Saturday, July 14, 2012

A Small Kindness But Hardly An Angel

This past Monday I was up and on the road before the sun in order to transact a bit of business.  The business requiring transacting was completed in one hour’s time, which made the three hours drive time required to arrive at the destination where the business needed transacting rather an inconvenience.

When I jumped in my truck to return home, I decided to motor some secondary roads towards home rather than the freeway, just in case I stumbled on a used book store I wasn’t aware of, or a roadside sale or two.

As I motored a secondary road outside of Lake City, MI, about an hour and a half in to my return, I came upon a car pulled over on the side of the road, about halfway between Lake City and Cadillac, MI, its driver’s side front wheel quite askew.  Just as I was going to swing wide around the vehicle and pass it by, an older gentleman exited the car, so I thought I should pull over, and did so.

After switching on my flashers, I exited the truck and walked back to the disabled vehicle, and asked the older gentleman if I could help in some way.  The gentleman, Lyle was his name, informed me he was taking his wife, Nora, who remained in the vehicle, to the emergency room in Cadillac.  So I asked Lyle if he had any assistance on the way.  Lyle replied in the affirmative, his daughter was driving up from Reed City, MI, but she was at least one half hour away.

I immediately offered to load both Lyle and Nora into my truck and run them to the hospital, and then arrange to have Lyle’s car towed to whatever shop he desired.  Lyle discussed my offer briefly with Nora, and then asked if I would just take Nora to the hospital while he waited for his daughter to arrive, as he was concerned that she would become overly worried if neither Lyle or Nora were with the car when she arrived on the scene.

I readily assented to Lyle’s wishes, and we assisted Nora from his car to my truck.  Just prior to heading Nora to the hospital, I gave Lyle a card with my name, phone number and address on it, and wrote down his cell number, so I could report to him that Nora had arrived at the emegency room safely.

It took about 15 minutes to drive to the hospital, where I escorted Nora inside, and ensured she was put in the correct hands.  I then quickly headed back out to my truck to call Lyle.  As I picked up my phone to dial Lyle’s number, I decided instead to backtrack to Lyle and the disabled car to deliver the message in person, and to see if his daughter or other assistance had arrived.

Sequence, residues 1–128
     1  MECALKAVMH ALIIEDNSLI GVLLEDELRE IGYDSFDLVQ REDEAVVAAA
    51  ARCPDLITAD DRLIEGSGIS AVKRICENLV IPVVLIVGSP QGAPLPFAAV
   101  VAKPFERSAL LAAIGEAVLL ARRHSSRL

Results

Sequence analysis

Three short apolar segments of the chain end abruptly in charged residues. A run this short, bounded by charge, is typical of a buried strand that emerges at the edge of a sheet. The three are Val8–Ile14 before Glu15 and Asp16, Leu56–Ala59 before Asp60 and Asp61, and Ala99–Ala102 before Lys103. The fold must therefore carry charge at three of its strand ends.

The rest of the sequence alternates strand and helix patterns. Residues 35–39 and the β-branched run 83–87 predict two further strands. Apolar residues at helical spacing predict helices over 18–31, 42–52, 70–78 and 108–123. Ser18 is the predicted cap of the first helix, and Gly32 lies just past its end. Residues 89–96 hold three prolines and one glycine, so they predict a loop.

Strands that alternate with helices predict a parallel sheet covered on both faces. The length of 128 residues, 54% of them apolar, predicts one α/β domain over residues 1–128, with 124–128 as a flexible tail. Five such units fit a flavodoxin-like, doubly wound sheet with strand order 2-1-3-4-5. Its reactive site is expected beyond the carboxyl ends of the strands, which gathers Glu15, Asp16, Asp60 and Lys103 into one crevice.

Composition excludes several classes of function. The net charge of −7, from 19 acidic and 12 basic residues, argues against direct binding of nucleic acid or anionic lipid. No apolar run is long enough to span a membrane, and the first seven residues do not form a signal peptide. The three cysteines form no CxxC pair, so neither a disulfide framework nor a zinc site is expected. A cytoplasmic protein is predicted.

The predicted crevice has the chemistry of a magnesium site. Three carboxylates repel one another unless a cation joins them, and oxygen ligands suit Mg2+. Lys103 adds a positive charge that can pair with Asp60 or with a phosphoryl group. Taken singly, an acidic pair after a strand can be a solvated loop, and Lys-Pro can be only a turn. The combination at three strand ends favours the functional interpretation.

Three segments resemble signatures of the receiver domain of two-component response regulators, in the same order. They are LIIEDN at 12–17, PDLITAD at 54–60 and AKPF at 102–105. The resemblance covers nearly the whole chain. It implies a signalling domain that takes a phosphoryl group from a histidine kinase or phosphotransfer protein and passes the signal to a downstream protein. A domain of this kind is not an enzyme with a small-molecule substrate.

When I arrived at Lyle’s location, I saw that indeed assistance had arrived, in the form of a Michigan State trooper, and that Lyle was talking with trooper.  I swung the truck around, pulled up behind Lyle and the trooper, exited my truck, told Lyle that Nora had been safely deposited at the emergency room and asked if I could do anything else for him.  Lyle politely declined and thanked me for my help, so we shook hands and parted ways, and I thought nothing more of this.

Just a few minutes ago, I went and grabbed today’s mail, and in the box, much to my surprise, is a lavender colored envelope addressed to me.  I open the envelope and pull out a thank you card from Lyle and Nora with these words written on the inside.

Your kindness was that of an Angel from God.  We thank you so very much for all you did.  I am doing well, and our car was fixed that evening.  Thank you so very much.

I was so touched to read those words that tears trickled from the corner of my eyes, because I fully realize that I am hardly an angel.

Posted by John Venlet on 07/14 at 12:10 PM
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David Brooks Explains the Why of “The Follower Problem”

Just one month and three days ago, on June 11, 2012, David Brooks was complaining in the New York Times that Americans are not sheep like enough in an op-ed titled The Follower Problem, chastising us mere American citizens for our lack of respect for our so-called leaders with words such as these.

I don’t know if America has a leadership problem; it certainly has a followership problem. Vast majorities of Americans don’t trust their institutions. That’s not mostly because our institutions perform much worse than they did in 1925 and 1955, when they were widely trusted. It’s mostly because more people are cynical and like to pretend that they are better than everything else around them. Vanity has more to do with rising distrust than anything else…

To have good leaders you have to have good followers — able to recognize just authority, admire it, be grateful for it and emulate it. Those skills are required for good monument building, too. (bold by ed.)

While on June 11, 2012 Brooks did not seem to know, let alone understand, if America had a leadership problem, on July 12, 2012 Brooks appears to have had an epiphany that America indeed does have a leadership problem, and states so in another New York Times op-ed titled Why Our Elites Stink.

Yet, as this meritocratic elite has taken over institutions, trust in them has plummeted. It’s not even clear that the brainy elite is doing a better job of running them than the old boys’ network. Would we say that Wall Street is working better now than it did 60 years ago? Or government? The system is more just, but the outcomes are mixed. The meritocracy has not fulfilled its promise.

Brooks had it backwards in his op-ed The Follower Problem, putting the cart before the horse when he states, “To have good leaders you have to have good followers…”  No.  To have good followers, you must have good leaders, whether they are elite, or not.  Brooks is part of the elite problem himself.

Posted by John Venlet on 07/14 at 08:43 AM
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